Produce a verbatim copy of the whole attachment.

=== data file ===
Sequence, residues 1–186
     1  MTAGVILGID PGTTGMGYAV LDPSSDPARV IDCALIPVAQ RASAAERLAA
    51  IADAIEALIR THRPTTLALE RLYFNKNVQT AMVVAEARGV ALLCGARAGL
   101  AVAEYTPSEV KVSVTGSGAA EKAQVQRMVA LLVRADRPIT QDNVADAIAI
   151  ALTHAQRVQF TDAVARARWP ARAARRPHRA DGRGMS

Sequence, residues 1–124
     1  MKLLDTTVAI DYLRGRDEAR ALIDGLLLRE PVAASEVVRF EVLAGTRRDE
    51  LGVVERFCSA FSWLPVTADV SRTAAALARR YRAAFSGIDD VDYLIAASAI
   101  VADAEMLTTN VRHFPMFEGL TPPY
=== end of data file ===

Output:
Sequence, residues 1–186
     1  MTAGVILGID PGTTGMGYAV LDPSSDPARV IDCALIPVAQ RASAAERLAA
    51  IADAIEALIR THRPTTLALE RLYFNKNVQT AMVVAEARGV ALLCGARAGL
   101  AVAEYTPSEV KVSVTGSGAA EKAQVQRMVA LLVRADRPIT QDNVADAIAI
   151  ALTHAQRVQF TDAVARARWP ARAARRPHRA DGRGMS

Sequence, residues 1–124
     1  MKLLDTTVAI DYLRGRDEAR ALIDGLLLRE PVAASEVVRF EVLAGTRRDE
    51  LGVVERFCSA FSWLPVTADV SRTAAALARR YRAAFSGIDD VDYLIAASAI
   101  VADAEMLTTN VRHFPMFEGL TPPY